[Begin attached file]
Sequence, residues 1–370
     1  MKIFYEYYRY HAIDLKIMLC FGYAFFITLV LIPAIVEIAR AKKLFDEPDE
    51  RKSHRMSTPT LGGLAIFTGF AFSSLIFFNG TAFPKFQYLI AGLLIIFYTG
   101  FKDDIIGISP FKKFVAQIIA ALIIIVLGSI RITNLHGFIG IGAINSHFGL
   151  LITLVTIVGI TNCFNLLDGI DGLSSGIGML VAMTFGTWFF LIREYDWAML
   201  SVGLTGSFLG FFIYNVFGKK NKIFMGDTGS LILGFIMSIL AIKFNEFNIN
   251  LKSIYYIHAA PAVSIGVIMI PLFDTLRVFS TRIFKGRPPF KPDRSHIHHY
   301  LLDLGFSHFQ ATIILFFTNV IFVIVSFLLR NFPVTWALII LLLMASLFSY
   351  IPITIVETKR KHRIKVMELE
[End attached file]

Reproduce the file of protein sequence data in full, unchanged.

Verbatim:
Sequence, residues 1–370
     1  MKIFYEYYRY HAIDLKIMLC FGYAFFITLV LIPAIVEIAR AKKLFDEPDE
    51  RKSHRMSTPT LGGLAIFTGF AFSSLIFFNG TAFPKFQYLI AGLLIIFYTG
   101  FKDDIIGISP FKKFVAQIIA ALIIIVLGSI RITNLHGFIG IGAINSHFGL
   151  LITLVTIVGI TNCFNLLDGI DGLSSGIGML VAMTFGTWFF LIREYDWAML
   201  SVGLTGSFLG FFIYNVFGKK NKIFMGDTGS LILGFIMSIL AIKFNEFNIN
   251  LKSIYYIHAA PAVSIGVIMI PLFDTLRVFS TRIFKGRPPF KPDRSHIHHY
   301  LLDLGFSHFQ ATIILFFTNV IFVIVSFLLR NFPVTWALII LLLMASLFSY
   351  IPITIVETKR KHRIKVMELE